How many times has your boss asked you this question about headcount planning:
We have new headcount for your teams! What job levels do you want?
There’s no easy answer to this request. We’d love to hire experienced employees, but they’re expensive and take forever to find. Junior people are faster to hire but have a longer training period. But the CEO wants a new team to build out a new product. Should we hire new managers instead?
There’s no perfect answer.
I’ve been answering this question for years now, so here are 4 tips for choosing job levels when headcount planning.
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Tip 1: Senior Job Openings take Longer to Fill
Hiring experienced employees comes with a cost. They’re more expensive given their skillset. But they have a longer time to hire.
A junior engineer takes a lot less work to find. The entry-level tech job market in 2022 has a ton of people looking for jobs. I’ve seen 10 to 100+ applications a week for junior roles. These roles are a lot easier to fill in a shorter time.
Conversely, senior roles are in demand. Companies need experienced engineers to drive larger projects. However, there are fewer experts to hire. Companies compete for these people while current employers are working to retain them.
Recruiting senior candidates requires patience. Expect to see fewer organic applications from job postings.
Understanding these trade-offs is critical for optimizing toward short or long-term goals.
Tip 2: Account for Career Growth when Headcount Planning
Think about the experience level of your team. You probably have a staff engineer, a few senior engineers, and more software engineers.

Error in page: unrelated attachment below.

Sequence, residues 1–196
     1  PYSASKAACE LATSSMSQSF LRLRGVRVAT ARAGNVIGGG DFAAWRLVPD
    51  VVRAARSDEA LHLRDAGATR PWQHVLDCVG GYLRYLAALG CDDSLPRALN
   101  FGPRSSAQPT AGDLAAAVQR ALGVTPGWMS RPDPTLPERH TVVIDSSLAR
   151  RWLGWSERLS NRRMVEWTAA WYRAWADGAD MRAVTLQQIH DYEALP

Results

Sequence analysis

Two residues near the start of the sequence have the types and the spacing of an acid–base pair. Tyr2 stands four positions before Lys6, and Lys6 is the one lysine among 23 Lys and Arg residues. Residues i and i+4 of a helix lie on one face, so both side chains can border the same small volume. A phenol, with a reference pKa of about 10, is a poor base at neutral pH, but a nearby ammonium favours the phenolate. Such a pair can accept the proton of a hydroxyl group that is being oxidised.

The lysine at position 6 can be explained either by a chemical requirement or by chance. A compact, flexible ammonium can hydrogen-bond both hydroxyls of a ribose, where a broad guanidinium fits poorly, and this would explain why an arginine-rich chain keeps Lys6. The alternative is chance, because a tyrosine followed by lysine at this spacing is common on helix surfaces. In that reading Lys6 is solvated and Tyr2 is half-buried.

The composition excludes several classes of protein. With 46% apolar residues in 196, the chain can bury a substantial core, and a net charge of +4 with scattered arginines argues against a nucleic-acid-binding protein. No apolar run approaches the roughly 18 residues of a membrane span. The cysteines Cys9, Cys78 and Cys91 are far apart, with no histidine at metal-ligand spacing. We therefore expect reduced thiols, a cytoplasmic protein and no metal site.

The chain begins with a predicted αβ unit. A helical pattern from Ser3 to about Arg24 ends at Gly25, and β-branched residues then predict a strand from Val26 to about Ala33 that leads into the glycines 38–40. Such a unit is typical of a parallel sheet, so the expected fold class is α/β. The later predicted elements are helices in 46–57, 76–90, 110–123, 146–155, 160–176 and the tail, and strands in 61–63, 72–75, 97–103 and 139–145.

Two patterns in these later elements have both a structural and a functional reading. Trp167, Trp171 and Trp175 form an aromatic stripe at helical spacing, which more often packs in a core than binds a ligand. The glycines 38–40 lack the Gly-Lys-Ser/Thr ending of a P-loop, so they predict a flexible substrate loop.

What will this team look like a year from now? Who will get promoted?
When adding headcount, you need to account for how your current team will grow. If two people get Staff-level promotions over the next year, there may not be enough work for a third Staff engineer.
So think about what the team will look like in 12 to 24 months. Will the hiring you perform today help balance the experience levels of your future team?
Tip 3: Balance Your Team’s Experience Level When Headcount Planning
It’s easy to say you want a senior engineer when you’re headcount planning. Senior engineers can handle most projects given to them.
But how many senior engineers are already on your team?
When adding people to your team, look to balance the experience levels. Too many staff engineers will have people clawing for little work. Too many junior engineers will slow down complex projects due to a lack of mentors.
My tip is to use a 1-to-2 ratio of senior to junior engineers. That way, senior (or above) engineers can have enough capacity to mentor others and still code.
Tip 4: Align Job Levels with Short and Long-term Goals
When adding people to your team, you need to align your hiring plan with your product goals. It’s easy to optimize for the short term – adding another person increases output (to a point). They’re immediately helping ship today’s features.
But can they lead next year’s database migration? What about mentoring the slew of interns this summer?
It’s critical to balance how headcount will help you achieve short and long-term goals. Questions to think through are:
- Am I backfilling someone? How long can my current team go under-staffed?
- What are the roadmap goals for the next 12 months?
- How many teams do we want to create over the next two years? What experience levels do we need to get there?
- Do we need to move people in order to hit project deadlines?
- How many managers do we need to support this growing team?
I’ve found that adding new people doesn’t pay off for six to 12 months. That first year is about understanding how your team works and building relationships. Account for this onboarding time in your hiring plans.
So there are my four tips to help you size teams with new headcount. To summarize my four tips:
- Understand the time it takes to hire for each title level.
- Account for your team’s career growth
- Balance the team’s experience levels with a 1 to 2 senior to junior ratio
- Align your job openings with your short and long-term goals.
- An Elegant Puzzle by Will Larson
- Who Owns Your Company Roadmap?
- The Trimodal Nature of Software Engineering Salaries in the Netherlands and Europe
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